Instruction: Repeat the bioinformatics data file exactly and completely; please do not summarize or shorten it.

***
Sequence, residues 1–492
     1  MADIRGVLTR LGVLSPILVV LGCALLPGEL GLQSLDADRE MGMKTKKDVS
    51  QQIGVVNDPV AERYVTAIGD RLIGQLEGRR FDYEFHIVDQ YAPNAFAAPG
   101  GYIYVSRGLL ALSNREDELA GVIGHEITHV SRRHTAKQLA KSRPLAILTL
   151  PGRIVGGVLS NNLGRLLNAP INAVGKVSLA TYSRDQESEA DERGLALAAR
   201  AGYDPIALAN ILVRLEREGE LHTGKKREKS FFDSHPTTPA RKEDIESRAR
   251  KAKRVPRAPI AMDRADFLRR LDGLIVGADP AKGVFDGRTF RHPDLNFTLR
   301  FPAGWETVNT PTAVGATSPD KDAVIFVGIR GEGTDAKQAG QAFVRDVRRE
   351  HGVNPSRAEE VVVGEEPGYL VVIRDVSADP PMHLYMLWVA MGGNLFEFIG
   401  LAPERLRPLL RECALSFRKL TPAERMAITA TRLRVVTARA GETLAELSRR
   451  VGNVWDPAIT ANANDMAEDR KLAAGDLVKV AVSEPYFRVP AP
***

Sequence, residues 1–492
     1  MADIRGVLTR LGVLSPILVV LGCALLPGEL GLQSLDADRE MGMKTKKDVS
    51  QQIGVVNDPV AERYVTAIGD RLIGQLEGRR FDYEFHIVDQ YAPNAFAAPG
   101  GYIYVSRGLL ALSNREDELA GVIGHEITHV SRRHTAKQLA KSRPLAILTL
   151  PGRIVGGVLS NNLGRLLNAP INAVGKVSLA TYSRDQESEA DERGLALAAR
   201  AGYDPIALAN ILVRLEREGE LHTGKKREKS FFDSHPTTPA RKEDIESRAR
   251  KAKRVPRAPI AMDRADFLRR LDGLIVGADP AKGVFDGRTF RHPDLNFTLR
   301  FPAGWETVNT PTAVGATSPD KDAVIFVGIR GEGTDAKQAG QAFVRDVRRE
   351  HGVNPSRAEE VVVGEEPGYL VVIRDVSADP PMHLYMLWVA MGGNLFEFIG
   401  LAPERLRPLL RECALSFRKL TPAERMAITA TRLRVVTARA GETLAELSRR
   451  VGNVWDPAIT ANANDMAEDR KLAAGDLVKV AVSEPYFRVP AP